Tuesday, 1 November 2011

In conversation with.. Ali Harris

Hello Ali! First of all, I would like to congratulate you on the publication of your first novel, Miracle on Regent Street. Can you tell us what it is about?

A: Thank you so much! I still can’t believe it’s actually happening and that people might (hopefully) buy it! Miracle on Regent Street is a story about a sweet, unassuming stockroom girl called Evie Taylor who works in the basement of Hardy's, a faded, forgotten old department store that has seen better days. For the past two years she's lived an invisible life in London, sorting endless boxes of archaic stock by day and looking after her sister’s two young children at night. Her neighbours think she's the hired help, her self-obsessed shop floor colleagues mistake her for her stockroom predecessor and even her manager doesn't know her actual name. But despite all this she loves working at the store. So when she overhears that Hardy's is at risk of being sold unless it seriously increases its profits she hatches a secret plan to save it. Evie and Hardy's are both looking for a Christmas miracle to turn their fortunes around. The question is will they find it?

I definitely look forward to reading it! Is Regent Street a place where readers can frequently spot you? I used to work nearby and it has definitely an aura of past grandeur that other shopping streets seem to have lost.

A: I utterly agree! I adore the faded splendour of Regent Street. It’s home to my favourite shops like the utterly divine Liberty and (now sadly no more) Dickens and Jones. It’s definitely the place I know best in London. In fact, most of my working years have been spent around there. I used to waitress in a steak restaurant just off Regent Street, my first magazine job was just a quick hop, step and jump away (when I was wearing flats. Which to be honest, wasn’t often) and I spent nearly two years at Glamour magazine which was right round the corner on Old Bond Street (another favourite street and which also features in the book). I’ve spent too many lunch breaks to mention ambling up and down, gazing at the beautiful buildings, and peering in the hallowed windows of Hamleys, particularly at Christmas. Plus it’s always been the street I buy first in Monopoly!

Readers will be able to close their eyes and step into Hardy’s, the department store created by your pen, feeling like they’re really there. Would you say that it is as much a main character as Evie is?

A: Absolutely! I actually see Hardy’s as a reflection of Evie herself. And I love the fact that no male love interest features on the cover, because truthfully, I see Evie’s love affair with Hardy’s as the most important one of all (although never fear - there are a couple of dashing leading male characters too). I really hope the readers will care as much about Hardy’s journey as Evie’s.

You have written for publications such as Red, Cosmopolitan and Company and were a deputy features editor at Glamour. Do you think you will you now dedicate your time to writing fiction only?

A: I really hope I’ll be able to juggle both as magazines will always have a special place in my heart. But writing books is a childhood dream fulfilled and I’m currently dedicating most of my time to writing my second book, The First Last Kiss (which will be published early in 2012) as well as looking after my two children who are 2 and 6 months. But once the first draft is finished I’ll definitely be picking up my journalist pen again!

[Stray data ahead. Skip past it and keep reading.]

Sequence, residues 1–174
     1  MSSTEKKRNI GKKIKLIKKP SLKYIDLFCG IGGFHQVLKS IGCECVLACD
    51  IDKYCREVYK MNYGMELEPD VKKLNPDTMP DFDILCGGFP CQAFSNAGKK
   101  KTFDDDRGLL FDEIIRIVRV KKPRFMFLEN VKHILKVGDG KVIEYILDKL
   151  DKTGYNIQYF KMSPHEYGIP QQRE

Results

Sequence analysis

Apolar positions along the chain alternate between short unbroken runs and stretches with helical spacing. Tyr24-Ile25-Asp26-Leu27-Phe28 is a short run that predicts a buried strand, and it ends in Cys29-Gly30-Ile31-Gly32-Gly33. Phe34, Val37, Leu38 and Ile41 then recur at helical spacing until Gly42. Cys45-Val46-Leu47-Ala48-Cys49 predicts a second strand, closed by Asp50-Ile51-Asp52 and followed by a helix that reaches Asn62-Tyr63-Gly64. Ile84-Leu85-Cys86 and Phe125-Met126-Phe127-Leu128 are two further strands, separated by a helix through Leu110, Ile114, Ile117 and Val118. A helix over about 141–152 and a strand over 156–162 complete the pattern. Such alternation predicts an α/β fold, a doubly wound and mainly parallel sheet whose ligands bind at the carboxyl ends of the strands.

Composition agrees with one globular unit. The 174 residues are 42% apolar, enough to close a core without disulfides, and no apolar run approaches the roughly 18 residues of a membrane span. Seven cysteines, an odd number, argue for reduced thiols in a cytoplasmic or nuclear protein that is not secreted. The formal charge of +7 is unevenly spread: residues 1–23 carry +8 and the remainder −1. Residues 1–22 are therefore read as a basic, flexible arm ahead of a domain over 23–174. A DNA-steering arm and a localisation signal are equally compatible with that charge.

Due to the popularity of social networking websites, it seems that interacting with readers – be it via a Twitter account, a Facebook page etc. – is becoming increasingly important. How do you cope with these new demands on authors and do you think that they somehow disrupt your writing schedule?

A: I love twitter and Facebook and I think it’s brilliant that authors can communicate with readers every day. I literally can’t wait to hear from people who’ve read (and hopefully liked!) my book. But equally I’m the queen of Write one sentence, look at ASOS, write another sentence, go on twitter. If I actually finish a chapter I figure I’m pretty much due an hour long Net a Porter shopping spree (if my husband is reading this - not really! I’ve never even seen that website!) So, I think my only hope of actually getting any writing done is to do what I do with my two year old son’s TV viewing which is to only allow it to go on twice a day, for an hour maximum. Or put myself on the naughty step if I look at it too much…

What is your one fundamental piece of advice for aspiring writers?

A: Find your own voice. Don’t try and be anything you’re not as people will instantly see through it. I have tried (and failed) to get books published before where I was trying to second guess what the industry wanted, or follow a trend. But I’m a total, unashamed hopeless romantic and I’ve finally found a way to harness it!

And lastly, is there anything that you would like to share that I haven’t asked?

A: I think you’ve covered everything wonderfully. Thank you so much for having me!

Thank you for your time!

And now, for a chance to win one copy of Miracle on Regent Street, click here and complete the form. The competition is open to UK readers only and will close on the 14th November at 1pm.

2 comments:

Dizzy C said...

Lovely interview, great questions.

I believe that twitter especially is a great tool for authors, bloggers and readers to interact. :)

carol
DizzyC

Anonymous said...

It sounds great, just as the interview. I love it when a story takes palce somewhere that I know, as it feels like I am even more there then.

jeane